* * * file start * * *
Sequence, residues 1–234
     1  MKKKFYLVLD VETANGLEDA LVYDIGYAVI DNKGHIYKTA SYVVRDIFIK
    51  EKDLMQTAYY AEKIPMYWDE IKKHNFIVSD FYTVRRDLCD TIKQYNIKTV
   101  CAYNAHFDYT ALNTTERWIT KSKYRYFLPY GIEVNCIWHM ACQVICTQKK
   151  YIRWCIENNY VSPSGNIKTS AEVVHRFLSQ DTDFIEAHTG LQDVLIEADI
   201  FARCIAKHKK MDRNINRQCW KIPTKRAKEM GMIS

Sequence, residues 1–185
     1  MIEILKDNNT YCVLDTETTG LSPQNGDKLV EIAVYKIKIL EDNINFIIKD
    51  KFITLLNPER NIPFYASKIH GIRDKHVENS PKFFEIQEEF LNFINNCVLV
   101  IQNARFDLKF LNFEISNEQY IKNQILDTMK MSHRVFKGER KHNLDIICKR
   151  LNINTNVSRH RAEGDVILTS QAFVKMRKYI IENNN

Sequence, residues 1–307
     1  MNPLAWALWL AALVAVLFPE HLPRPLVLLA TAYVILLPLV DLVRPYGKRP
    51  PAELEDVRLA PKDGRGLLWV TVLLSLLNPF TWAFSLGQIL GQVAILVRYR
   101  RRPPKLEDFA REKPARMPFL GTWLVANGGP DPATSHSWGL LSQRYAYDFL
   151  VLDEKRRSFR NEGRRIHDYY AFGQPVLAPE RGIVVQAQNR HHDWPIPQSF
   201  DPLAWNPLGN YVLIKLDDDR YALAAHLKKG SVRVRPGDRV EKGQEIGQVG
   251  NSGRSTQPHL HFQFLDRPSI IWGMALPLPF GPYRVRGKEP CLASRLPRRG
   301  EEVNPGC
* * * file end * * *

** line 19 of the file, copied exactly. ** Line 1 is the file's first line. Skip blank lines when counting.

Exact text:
   301  EEVNPGC